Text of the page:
Since I also filter my models, (ie, using small dots of compli- mentary colors plus white, grey and black) on a moistened surface, with a large, flat brush to drag the oil dots down (or following the flow of a fluid over a surface), then coming back with a clean, dry brush, to soften the final effect), a gloss finish is the perfect surface to do this on, since you want (generally) a very subtle effect. A flat surface, again, provides too much "tooth" and does not provide a subtle effect.
    When you are ready to seal the wash, again use a water based (assuming you used an oil wash) gloss/flat/satin, etc - you don't want the carrier to lift the wash if you get slightly heavy handed, right?
    If you want, you can also use water colors as your washes. You just reverse the underlying surfaces for the same reasons.
                                Bruce
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"I like bad!" Bruce Burden Austin, TX.
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Bruce and others,
Been following this thread as the appropriate / recommended sequence of finishing steps has not been all that clear to me.
Following is what I understand after reading several articles on subject - interested in any comments as to whether these are the preferred / recommended steps to take:
1. Prime - apply thin coats of a quick drying product such as Krylon (lacquer based), or use Tamiya fine surface primer to preserve detail.
2. Pre-shade (?)
3. Apply base color. Have been using the Testors Model Master enamels for the appropriate colors.
4. Apply filter(s): typically 10% oil paint and 90% thinner; lightly sprayed.
5. Washes - pin or overall: have successfully used turpentine (W&N English distilled).
6. Apply pigments.
As a satin finish is recommenced for filters - apply a clear satin finish over the enamel base coat before the filter(s).
As a gloss finish is recommended for washes - apply a clear gloss finish over the filter(s), if used or over the base coat before the wash.
As a flat / matt surface is recommended for pigments, apply a clear flat finish over the wash.
Again using the Testor's clears - they are all lacquer based. Understand lacquer can be successfully applied over a fully cured enamel base coat if done in several light applications.
This is a lot of different layers of coatings i.e., lacquer prime, enamel base coat, lacquer satin, lacquer gloss, lacquer flat.
Is there a more efficient way to achieve the desired results?
What is recommended for applying after the pigments to ensure they are retained on the surface?
Thanks in advance for any and all comments / suggestions.
Regards,
Doug
snipped-for-privacy@realtime.net (Bruce Burden) wrote:

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: : 4. Apply filter(s): typically 10% oil paint and 90% thinner; lightly sprayed. :     Hmmm. I don't spray the filter.
1) Apply Polly Scale gloss finish 2) Once completely cured (ie, a week?), I moisten the surface with my thinner of choice (paint thinner) 3) I apply very small "dots" of straight oil paint to the surface, using complimentary colors, as well as blac, white, gray. 4) Using a clean, flat, moistened brush, drag the dots in the direction of the fluid flow (down, back, etc). 5) Clean the brush, and now lightly drag the surface again, in the same direction. Don't go too subtle here, or you will lose the effect under the final coats. 6) Seal with Polly Scale gloss finish for pin washes, etc. : : 6. Apply pigments. : As in chalks? I generally do not do much with chalks/pastels, as you lose most of the effect under a sealer coat, and you have to be very, very careful if it is unsealed not to smudge the pastels. : : As a satin finish is recommenced for filters - apply a clear satin finish over : the enamel base coat before the filter(s). :     Hmmm, I just go for the gloss. :-) : : As a flat / matt surface is recommended for pigments, apply a clear flat : finish over the wash. : As long as you mean chalk pastels, sure - you want as much "tooth" as you can get for the chalk to settle into. : : Again using the Testor's clears - they are all lacquer based. Understand : lacquer can be successfully applied over a fully cured enamel base coat if : done in several light applications. : I do not like using Testors GlossCote, but many people do so w/out a problem. I prefer Polly Scale, if I am going to apply a gloss coat, for reasons already stated. : : This is a lot of different layers of coatings i.e., lacquer prime, enamel base coat, : lacquer satin, lacquer gloss, lacquer flat. : You can always skip the primer coat. I don't, because I feel it gives a homogenous surface under your color coat(s). It also tells me right away if I need to do more to address filled areas or deal with "flow marks", where the plastic filled the mold cavity, and not always smoothly.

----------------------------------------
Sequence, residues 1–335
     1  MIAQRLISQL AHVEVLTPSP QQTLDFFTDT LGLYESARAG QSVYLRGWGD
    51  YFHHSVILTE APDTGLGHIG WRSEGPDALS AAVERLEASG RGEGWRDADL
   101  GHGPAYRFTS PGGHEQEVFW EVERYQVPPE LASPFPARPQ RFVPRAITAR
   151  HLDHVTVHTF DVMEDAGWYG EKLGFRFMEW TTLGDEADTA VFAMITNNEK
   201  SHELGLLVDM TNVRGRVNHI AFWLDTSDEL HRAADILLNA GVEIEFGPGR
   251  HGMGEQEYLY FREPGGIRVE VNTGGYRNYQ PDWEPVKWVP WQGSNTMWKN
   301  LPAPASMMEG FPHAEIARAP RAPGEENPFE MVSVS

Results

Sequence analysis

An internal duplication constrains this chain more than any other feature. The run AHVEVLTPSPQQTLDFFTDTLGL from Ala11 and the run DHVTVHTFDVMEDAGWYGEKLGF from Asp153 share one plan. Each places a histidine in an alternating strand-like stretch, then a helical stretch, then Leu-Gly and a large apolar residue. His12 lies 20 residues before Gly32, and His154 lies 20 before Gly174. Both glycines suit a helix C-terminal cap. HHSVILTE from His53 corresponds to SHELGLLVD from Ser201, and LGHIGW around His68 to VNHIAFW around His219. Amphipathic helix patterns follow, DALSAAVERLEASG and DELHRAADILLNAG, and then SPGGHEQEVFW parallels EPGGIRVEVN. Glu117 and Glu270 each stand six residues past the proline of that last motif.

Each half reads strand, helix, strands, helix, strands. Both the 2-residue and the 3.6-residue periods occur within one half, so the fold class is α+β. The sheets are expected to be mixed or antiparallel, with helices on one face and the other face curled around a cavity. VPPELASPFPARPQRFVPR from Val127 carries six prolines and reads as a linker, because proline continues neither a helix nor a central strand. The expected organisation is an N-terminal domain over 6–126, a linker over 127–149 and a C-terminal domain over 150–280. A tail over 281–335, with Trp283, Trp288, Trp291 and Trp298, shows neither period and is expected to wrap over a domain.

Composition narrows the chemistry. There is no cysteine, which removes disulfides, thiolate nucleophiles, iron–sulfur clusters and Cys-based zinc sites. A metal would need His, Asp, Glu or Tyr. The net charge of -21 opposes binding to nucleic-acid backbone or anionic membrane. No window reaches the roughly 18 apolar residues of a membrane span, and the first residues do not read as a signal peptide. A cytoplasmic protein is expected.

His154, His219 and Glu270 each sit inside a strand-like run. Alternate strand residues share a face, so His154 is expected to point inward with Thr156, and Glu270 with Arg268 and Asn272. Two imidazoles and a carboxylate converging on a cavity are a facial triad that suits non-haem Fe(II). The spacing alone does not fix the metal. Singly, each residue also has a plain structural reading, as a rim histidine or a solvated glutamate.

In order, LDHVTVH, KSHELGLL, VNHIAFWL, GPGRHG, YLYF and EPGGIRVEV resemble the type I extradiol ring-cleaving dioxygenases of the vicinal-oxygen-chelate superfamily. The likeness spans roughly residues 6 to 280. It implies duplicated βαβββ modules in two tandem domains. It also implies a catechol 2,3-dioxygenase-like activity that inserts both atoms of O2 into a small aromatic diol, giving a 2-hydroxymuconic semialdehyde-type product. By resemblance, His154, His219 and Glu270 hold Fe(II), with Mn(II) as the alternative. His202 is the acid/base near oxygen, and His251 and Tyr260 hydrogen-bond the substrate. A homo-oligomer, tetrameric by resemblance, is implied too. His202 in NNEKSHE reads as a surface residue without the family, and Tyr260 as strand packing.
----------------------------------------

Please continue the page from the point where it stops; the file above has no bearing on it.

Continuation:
Nor do I use enamals - they take too long do dry. "Is it dry yet?" pokes the object, leaves thumbprint in the tacky paint. "Dammit!". That is why I use acrylic, mostly Polly Scale. Once dry, it really does not care what you do to it.
    As for satin/gloss/flat, I'd go with a gloss, but only in the areas that I am applying decals (Pledge with Future Shine works very well for this, as I can brush it on!) (what a completely stupid name, J&J!) then I will gloss for the filtering.
    Whether I seal the filtering before washing depends on how brave I feel. You can certainly pin wash over the filtered surface. Just realize that any screw up can lead to a distrubance in the filter. Or, I have used acrylics/water colors to do the wash. Just be careful to be very light on the sealing coat so you don't disturb the acrylic/water color wash with an acrylic flat coat like Polly Scale... : : What is recommended for applying after the pigments to ensure they are : retained on the surface? : Again, generally, none, as you will lose most of the effect. I don't know of too many local club members who use pastels for that reason.
    But, I have heard of people using hairspray, flat, etc.
Bruce
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"I like bad!" Bruce Burden Austin, TX.